In Praise of the Dumb Home

Bonapart House Interior

It's all so wonderful, the smart home where all of our appliances talk to each other and turn on and off automatically. Bosch wants to wire up our windows so that the Internet of things can close them if it starts raining. Dacor wants us to control our oven through a tablet computer. Matt Hickman shows us a wifi-connected Crock Pot.

Now Google is buying Nest Labs, with its thermostats and smoke detectors, hopping on the smart home bandwagon. One of the main justifications for the smart home is to save energy, and to increase comfort. But the Nest thermostat, as one example of a connected device, isn't the most effective way to do either.

the comfort kidney

© Comfort zone chart Victor Olyay

As Victor Olgyay noted exactly 50 years ago in his book Design with Climate, comfort is not determined by temperature alone, but by a combination of temperature, humidity and air movement. The Nest thermostat turns an air conditioner or furnace on or off, where you might be just as comfortable opening a window or turning on a fan. That's what you would do in a dumb home. Instead, the Nest causes you to use energy to do what used to be free.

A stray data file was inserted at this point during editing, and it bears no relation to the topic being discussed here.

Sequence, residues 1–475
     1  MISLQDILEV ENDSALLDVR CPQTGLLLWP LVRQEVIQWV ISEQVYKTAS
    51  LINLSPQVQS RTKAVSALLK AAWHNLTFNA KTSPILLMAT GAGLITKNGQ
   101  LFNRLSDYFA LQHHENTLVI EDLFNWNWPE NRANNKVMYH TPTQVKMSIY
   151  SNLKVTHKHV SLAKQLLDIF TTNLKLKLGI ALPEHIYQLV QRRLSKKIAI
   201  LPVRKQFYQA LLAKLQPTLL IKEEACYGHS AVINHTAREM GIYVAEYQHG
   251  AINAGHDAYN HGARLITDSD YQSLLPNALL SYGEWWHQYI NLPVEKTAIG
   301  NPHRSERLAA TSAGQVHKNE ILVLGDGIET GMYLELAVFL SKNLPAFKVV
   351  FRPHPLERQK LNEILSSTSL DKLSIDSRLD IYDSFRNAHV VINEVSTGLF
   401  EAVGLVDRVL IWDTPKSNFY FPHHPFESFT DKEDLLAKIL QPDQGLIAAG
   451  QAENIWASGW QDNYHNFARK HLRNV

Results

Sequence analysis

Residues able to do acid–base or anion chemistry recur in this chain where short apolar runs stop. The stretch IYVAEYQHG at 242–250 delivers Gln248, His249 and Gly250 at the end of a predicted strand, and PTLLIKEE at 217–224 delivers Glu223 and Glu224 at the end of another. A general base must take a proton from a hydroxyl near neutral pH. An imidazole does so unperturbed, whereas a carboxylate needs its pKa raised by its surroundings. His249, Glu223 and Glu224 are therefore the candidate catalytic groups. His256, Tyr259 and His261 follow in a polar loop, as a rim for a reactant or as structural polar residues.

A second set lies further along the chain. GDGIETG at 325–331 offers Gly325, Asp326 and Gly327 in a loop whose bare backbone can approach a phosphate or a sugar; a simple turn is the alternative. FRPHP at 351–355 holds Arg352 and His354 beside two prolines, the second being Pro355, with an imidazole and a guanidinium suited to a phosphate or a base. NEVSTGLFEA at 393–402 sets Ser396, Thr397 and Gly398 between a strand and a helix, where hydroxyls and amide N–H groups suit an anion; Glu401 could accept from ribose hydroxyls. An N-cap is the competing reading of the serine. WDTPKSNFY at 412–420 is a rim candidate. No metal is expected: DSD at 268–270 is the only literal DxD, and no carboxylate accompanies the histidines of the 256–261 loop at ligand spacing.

passive house

© Wolf Passive Homes

Then there is the Passivhaus, or Passive House. It's pretty dumb. A Nest thermostat probably wouldn't do much good there because with 18" of insulation, and careful placement of high quality windows, you barely need to heat or cool it at all. A smart thermostat is going to be bored stupid.

Also, so much of what we call comfort depends on other circumstances, including what we are wearing. Until the smart thermostat connects to the Nest Cam and knows what you are wearing, it really won't know what it should be set at. Fortunately with google ownership that kind of technology and information sharing is right around the corner.